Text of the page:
Listen to your heart, lower your risk
February 14, 2017
Heart disease is the leading cause of death in the U.S
Written by By Lauren Glendenning, Brought to you by Kaiser Permanente
Heart-shaped chocolates and romantic gestures on Valentine's Day might prevent heartbreak, but physical activity and a healthy diet are two of the most important factors in preventing hearts from breaking down.
Sixty nine percent of all adults in the U.S. are either overweight or obese, according to the American Heart Association. Varying data puts the U.S. obesity rate at about 33 to 35 percent, with Colorado clocking in at about 20 percent, the lowest in the nation.
Heart disease is the leading cause of death in the United States, and the risk factors don't stop at obesity. Other risks include smoking, diabetes, family history, high blood pressure, high cholesterol, chronic kidney disease, lack of physical activity and poor diet, said Dr. Jeannine Benson, Internal Medicine & Primary Care Chief at Kaiser Permanente Edwards Medical Offices. "We use these risk factors to evaluate a person's total cardiac risk," Benson said. "Anyone who can identify these risks in themselves should meet with their primary care physician to discuss their personal overall risk. This can direct medication management and other preventative factors."
Because the first symptom of heart disease is often a heart attack or stroke, it's important to talk to a primary care provider about risk factors, she said. If someone is experiencing chest pain, shortness of breath, unusual fatigue or unusual swelling in the feet, they should seek immediate medical care.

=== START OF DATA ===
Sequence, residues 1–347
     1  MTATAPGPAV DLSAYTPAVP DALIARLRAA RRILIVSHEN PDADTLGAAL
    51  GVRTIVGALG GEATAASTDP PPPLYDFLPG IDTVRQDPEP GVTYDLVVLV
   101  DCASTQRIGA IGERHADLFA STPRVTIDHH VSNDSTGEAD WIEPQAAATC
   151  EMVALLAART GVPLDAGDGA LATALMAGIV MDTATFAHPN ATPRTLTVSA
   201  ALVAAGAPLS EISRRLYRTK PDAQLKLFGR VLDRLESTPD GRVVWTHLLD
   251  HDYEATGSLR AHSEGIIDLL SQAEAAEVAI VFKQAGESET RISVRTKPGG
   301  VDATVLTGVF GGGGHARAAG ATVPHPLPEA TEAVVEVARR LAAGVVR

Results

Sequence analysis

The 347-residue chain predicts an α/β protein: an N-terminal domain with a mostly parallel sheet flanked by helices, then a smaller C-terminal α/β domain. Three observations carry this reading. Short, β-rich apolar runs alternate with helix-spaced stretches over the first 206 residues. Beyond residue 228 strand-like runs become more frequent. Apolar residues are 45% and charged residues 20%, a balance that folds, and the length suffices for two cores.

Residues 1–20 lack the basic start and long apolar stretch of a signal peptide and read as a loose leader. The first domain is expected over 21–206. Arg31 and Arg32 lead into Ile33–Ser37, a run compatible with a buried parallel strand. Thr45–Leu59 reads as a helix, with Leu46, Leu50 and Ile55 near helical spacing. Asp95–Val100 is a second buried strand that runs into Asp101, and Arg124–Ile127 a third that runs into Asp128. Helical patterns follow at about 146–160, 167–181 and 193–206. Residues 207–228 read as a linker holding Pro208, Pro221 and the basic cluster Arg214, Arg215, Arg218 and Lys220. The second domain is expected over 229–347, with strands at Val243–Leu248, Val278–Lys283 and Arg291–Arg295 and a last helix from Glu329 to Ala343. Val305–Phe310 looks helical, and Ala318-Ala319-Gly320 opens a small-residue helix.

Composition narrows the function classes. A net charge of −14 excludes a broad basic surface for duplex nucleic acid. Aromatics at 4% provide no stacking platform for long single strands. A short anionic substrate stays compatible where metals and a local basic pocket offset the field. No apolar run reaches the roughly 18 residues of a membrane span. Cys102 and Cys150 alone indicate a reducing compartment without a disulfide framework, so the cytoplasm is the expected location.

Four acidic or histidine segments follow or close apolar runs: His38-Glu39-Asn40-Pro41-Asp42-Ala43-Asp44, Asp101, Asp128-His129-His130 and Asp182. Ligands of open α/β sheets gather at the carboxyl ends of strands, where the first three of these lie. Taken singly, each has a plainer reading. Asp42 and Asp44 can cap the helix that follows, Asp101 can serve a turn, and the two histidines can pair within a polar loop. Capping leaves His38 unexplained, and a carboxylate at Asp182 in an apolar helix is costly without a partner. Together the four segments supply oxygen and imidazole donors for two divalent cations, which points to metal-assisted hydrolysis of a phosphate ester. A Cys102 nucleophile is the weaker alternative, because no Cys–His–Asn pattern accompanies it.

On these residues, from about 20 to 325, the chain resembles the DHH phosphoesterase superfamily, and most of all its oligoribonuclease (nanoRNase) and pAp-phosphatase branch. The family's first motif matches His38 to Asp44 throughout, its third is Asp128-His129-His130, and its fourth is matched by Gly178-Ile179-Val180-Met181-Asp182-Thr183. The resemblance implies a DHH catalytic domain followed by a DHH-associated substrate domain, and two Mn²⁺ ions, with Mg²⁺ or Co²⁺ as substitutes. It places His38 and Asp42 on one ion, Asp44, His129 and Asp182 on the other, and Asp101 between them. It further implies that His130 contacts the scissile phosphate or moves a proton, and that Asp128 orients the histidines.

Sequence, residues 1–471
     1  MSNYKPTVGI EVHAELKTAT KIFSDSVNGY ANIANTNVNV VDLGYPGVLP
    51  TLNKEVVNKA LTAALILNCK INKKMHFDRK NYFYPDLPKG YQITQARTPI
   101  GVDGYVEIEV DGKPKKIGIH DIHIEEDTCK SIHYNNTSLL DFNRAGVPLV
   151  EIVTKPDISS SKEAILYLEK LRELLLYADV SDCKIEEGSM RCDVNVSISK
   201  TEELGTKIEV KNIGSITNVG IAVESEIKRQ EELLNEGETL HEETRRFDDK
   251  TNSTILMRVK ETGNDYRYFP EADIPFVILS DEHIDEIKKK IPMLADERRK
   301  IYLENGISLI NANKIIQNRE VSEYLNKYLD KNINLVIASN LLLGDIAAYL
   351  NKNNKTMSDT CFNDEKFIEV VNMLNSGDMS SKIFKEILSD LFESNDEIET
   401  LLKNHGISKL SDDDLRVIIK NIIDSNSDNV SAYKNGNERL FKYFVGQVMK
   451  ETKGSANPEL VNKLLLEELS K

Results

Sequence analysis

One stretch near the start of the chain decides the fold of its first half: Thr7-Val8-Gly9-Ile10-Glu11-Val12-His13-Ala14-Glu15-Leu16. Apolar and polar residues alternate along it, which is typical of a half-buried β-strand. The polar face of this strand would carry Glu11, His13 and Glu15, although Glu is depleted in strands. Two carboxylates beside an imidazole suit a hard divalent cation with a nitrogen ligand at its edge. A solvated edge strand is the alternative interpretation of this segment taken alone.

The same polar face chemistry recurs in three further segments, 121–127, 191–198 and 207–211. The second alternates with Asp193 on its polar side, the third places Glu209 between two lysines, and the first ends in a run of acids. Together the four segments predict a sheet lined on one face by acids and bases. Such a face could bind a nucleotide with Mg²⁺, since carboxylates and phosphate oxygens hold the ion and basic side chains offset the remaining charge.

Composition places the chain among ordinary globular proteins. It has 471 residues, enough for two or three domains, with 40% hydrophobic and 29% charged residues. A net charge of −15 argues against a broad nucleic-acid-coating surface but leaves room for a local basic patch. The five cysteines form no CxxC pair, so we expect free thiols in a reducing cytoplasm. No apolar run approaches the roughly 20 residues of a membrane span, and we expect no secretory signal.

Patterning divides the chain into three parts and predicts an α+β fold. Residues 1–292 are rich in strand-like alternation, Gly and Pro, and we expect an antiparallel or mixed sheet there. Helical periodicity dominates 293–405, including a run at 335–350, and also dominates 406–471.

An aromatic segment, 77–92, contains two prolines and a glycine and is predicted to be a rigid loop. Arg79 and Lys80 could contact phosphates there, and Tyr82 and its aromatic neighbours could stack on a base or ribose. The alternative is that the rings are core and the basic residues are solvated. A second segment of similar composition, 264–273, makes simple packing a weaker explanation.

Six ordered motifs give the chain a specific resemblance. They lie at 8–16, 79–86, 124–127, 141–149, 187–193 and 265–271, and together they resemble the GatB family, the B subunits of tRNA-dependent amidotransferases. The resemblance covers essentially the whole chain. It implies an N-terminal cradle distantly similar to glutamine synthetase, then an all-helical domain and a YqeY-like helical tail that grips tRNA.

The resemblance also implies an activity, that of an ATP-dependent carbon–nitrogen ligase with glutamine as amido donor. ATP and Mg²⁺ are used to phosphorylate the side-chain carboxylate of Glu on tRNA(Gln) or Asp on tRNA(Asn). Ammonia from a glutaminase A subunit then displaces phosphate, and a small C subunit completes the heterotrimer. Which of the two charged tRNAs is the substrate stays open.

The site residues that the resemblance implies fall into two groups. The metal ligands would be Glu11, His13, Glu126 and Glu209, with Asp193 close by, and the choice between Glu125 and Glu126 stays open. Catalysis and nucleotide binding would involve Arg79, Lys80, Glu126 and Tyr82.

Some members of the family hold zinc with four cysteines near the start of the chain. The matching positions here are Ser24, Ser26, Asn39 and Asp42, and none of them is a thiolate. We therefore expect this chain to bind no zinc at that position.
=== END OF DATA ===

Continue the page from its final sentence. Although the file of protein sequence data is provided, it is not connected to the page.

Recommended Stories For You
For preventative care, patients should see their doctors for tests that check blood pressure, weight and other lifestyle risk factors such as smoking and drinking.
"Cholesterol and diabetes screening should also be talked about. These tests may not be needed every year or may need to be done several times a year — this all depends on the individual's risk factors and possible medications they may be on," Benson said.
Move your body
Anyone who's not getting at least 150 minutes of moderate intensity exercise per week, or 25 minutes of vigorous activity 3 to 4 days a week along with at least 2 days of moderate to high intensity muscle strengthening activity, isn't getting enough exercise, according to the American Heart Association.
"Keep in mind that the activity does not have to be done in a continuous period of time. Breaking it up can really help get that activity in," Benson said. "It is important to make this a conscious goal to get this activity in as often as we can."
Any cardio exercise that gets a person motivated is good to do, she added. But if someone has significant health problems, she said it's always a good idea to talk to a primary care physician first about exercise recommendations or limitations.
People need to use their physicians as their partners in health, Benson said.
"Especially if someone has chronic diseases that need to be managed."
A heart-healthy diet includes:
- A variety of fruits and vegetables
- Whole grains
- Low-fat dairy products
- Skinless poultry and fish
- Nuts and legumes
- Non-tropical vegetable oils
- Limit saturated fat, trans fat, sodium, red meat, sweets and sugar-sweetened beverages
* Source: The American Heart Association
How much exercise is enough?
The American Heart Association offers the following guidelines on heart-healthy exercise:
- At least 150 minutes per week of moderate exercise, or 75 minutes per week of vigorous exercise (or a combination of moderate and vigorous activity).
- Thirty minutes a day, five times a week, is an easy goal to remember.
- You can also get cardio benefits from breaking up your workouts into two or three segments of 10 to 15 minutes per day.
- For those with high cholesterol or blood pressure, the recommendation is 40 minutes of moderate to vigorous cardio exercise three to four times per week.
- Something is always better than nothing. Work toward the above goals over time if you can't do them right away.
- A simple way to improve heart health is to start walking regularly.